Brands Need To Pull Back The Curtain On Data In Order To Gain Consumer Trust
The formulas that make up the internet's algorithms are just as prized as they are secretive. But Versa futurist Tomas Haffenden argues those who hold the keys to the digital kingdoms need to be more open if they want consumers to do likewise.
It is hard not to notice the role algorithms play in defining our online experiences. Whether it’s the surprise and delight of a good Netflix recommendation or the irritation of misguided targeted ads, our user-data is the fuel that powers these invisible machines. But the personal data landscape is starting to change.
Increasing user awareness combined with legislative changes like General Data Protection Regulation (GDPR) is empowering consumers to play a more active role in how and what they are willing to share. This power shift is going to require brands to change the forgiveness over permission attitude to data use and actively engage consumers if they want to keep them.
So what can brands do to persuade consumers to share their precious first-party data, and how can that trust be maintained to develop an ongoing and mutually beneficial relationship?
Brands Need To Be More Transparent
After years of subjecting consumers to a rubbish version of online cat and mouse, the first step for brands needs to be transparency. In place of speculative assumptions based on cookies, search terms and previous purchases, brands will need to pull back the data-curtain and share the data points that are being used to define the consumer.
Sharing this information provides brands with an opportunity to build trust as the consumer gains greater insight and understanding of how and what is being used to fill their feeds. This level of sharing is currently unheard of, but will soon be required to meet growing consumer expectations.
A further knock-on effect is a new sense of shared responsibility or data-partnership. By revealing what is being used to feed the machine, a consumer now plays a more active role in the monitoring and, more importantly for brands the maintenance of this data.
Will Consumers Have The Best Personalised Experience?
Up to date, relevant data provides a more clearly understood benefit to consumers often frustrated by anything less than the perfect algorithm. Spotify and Netflix already lead the way in terms of personalised discovery. Still, both have a distinct advantage over e-commerce and retail due to the volume of data consumers are already willing to share… or at least allow to be collected.
It is instilling a willingness to share that is the North Star for this new approach to shared management of personal data. Transparency of the data that is being collected is undoubtedly a factor, but there is something else far more fundamental that consumers will want before they are willing to share, namely; editing rights.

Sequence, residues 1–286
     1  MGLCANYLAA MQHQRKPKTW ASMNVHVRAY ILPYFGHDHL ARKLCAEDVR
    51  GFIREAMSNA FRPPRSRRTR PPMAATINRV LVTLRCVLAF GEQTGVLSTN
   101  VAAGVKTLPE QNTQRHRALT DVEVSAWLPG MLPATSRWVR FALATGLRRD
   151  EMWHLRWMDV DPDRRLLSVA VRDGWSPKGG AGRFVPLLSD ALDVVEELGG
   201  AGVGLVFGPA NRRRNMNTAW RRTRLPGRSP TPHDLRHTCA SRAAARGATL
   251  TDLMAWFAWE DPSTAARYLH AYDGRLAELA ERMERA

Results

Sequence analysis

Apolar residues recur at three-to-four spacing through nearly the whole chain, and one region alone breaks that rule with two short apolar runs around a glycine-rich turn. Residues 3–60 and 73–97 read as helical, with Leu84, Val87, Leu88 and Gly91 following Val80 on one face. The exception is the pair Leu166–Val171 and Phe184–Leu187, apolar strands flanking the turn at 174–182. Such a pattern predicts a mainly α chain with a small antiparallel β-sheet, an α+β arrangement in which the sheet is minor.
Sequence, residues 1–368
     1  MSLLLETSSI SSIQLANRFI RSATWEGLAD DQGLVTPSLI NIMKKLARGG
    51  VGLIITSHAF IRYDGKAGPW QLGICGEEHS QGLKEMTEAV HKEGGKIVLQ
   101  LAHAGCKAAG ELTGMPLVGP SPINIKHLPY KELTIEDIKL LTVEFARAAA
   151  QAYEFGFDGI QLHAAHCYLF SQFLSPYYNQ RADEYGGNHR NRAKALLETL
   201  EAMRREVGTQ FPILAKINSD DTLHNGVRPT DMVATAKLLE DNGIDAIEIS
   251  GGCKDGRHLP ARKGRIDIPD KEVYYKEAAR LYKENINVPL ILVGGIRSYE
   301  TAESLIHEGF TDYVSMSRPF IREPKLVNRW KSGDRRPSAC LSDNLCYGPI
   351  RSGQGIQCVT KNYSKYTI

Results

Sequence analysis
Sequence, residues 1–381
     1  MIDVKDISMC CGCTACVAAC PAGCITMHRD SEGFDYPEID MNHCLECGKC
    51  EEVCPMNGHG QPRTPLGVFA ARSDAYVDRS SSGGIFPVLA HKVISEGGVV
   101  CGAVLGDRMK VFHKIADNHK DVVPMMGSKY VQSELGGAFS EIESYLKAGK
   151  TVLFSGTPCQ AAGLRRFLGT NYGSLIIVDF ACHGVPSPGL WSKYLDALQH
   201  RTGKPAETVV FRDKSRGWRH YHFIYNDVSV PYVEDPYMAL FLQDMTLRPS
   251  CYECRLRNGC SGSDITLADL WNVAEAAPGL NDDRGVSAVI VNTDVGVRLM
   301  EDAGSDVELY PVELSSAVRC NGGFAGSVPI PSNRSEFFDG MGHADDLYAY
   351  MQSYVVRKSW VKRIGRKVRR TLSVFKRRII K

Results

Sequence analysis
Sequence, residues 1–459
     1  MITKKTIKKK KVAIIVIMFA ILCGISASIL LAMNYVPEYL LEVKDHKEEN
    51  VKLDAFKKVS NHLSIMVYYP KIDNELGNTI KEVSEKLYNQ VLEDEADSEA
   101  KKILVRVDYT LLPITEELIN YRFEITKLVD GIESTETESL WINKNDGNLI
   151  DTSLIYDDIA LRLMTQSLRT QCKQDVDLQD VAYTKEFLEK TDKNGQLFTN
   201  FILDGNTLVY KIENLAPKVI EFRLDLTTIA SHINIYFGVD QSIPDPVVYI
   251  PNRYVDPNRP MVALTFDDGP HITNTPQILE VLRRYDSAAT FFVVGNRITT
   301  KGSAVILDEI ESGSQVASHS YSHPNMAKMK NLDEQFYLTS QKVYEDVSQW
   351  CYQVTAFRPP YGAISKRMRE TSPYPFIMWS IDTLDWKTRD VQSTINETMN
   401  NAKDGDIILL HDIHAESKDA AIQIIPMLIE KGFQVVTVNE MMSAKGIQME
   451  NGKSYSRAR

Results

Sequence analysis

Our online life is consumed by a careful curation of what and how we present ourselves in our various online channels. From corporate-you on LinkedIn, flawless-you on Insta to the deplorable version of yourself you save for the boys/girls in private channels like WhatsApp, complete control of the narrative is an expected norm.
Regardless of channel, it is the consumer’s ability to edit that is at the core of a willingness to share and instil the trust needed to do so. An ability to edit brings with it the confidence to experiment with the information being shared, safe in the knowledge that the reset button is not far away.
For brands committed to this new approach providing an ability to easily edit or toggle some data points on and off will fundamentally change the conversations, they can have with their audience. These conversations will be two-way and provide the bases for far deeper and long-lasting relationships, where brand and consumer are meeting as equals.
Facilitating these two-way conversations requires a more refined and connected conversational strategy underpinned by automated channels like chat. These automated conversations not only allow users to efficiently access and edit their information, but also let brands provide consistency of experience across the social landscape and importantly, in the customer’s preferred channel.
What's About To Change?
Whether brands are ready or not, the personal data landscape is about to see radical change. Legislation obligation and changing consumer expectation has shone a bright light on traditional outdated attitudes to the collection, ownership and visibility of the consumer data.
For brands brave enough to pull back the data-curtain and lead the way with a more transparent and co-dependent approach to data, the potential spoils are immense. A shifted responsibility of data authenticity to the consumer will provide untold access and allow for new levels of personalised experience.
The key ingredient for brands to consider is how best to develop and deliver automated conversations capable of blending functional service with an engaging conversational style. Finding agency partners able to provide on both the technical and creative elements required is the only way to instil the required trust and elicit the all-important willingness to share.